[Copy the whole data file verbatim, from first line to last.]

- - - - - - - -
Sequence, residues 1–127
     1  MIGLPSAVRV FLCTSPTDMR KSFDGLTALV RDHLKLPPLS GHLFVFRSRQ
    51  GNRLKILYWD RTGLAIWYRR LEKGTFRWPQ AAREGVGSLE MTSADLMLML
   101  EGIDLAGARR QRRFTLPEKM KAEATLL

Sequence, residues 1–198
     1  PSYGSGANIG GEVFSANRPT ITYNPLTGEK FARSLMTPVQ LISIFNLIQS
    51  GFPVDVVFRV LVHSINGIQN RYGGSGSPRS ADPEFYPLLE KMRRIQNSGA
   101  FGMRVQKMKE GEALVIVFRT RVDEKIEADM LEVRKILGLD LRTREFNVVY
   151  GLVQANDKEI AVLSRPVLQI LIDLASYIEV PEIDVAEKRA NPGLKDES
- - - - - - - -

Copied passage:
Sequence, residues 1–127
     1  MIGLPSAVRV FLCTSPTDMR KSFDGLTALV RDHLKLPPLS GHLFVFRSRQ
    51  GNRLKILYWD RTGLAIWYRR LEKGTFRWPQ AAREGVGSLE MTSADLMLML
   101  EGIDLAGARR QRRFTLPEKM KAEATLL

Sequence, residues 1–198
     1  PSYGSGANIG GEVFSANRPT ITYNPLTGEK FARSLMTPVQ LISIFNLIQS
    51  GFPVDVVFRV LVHSINGIQN RYGGSGSPRS ADPEFYPLLE KMRRIQNSGA
   101  FGMRVQKMKE GEALVIVFRT RVDEKIEADM LEVRKILGLD LRTREFNVVY
   151  GLVQANDKEI AVLSRPVLQI LIDLASYIEV PEIDVAEKRA NPGLKDES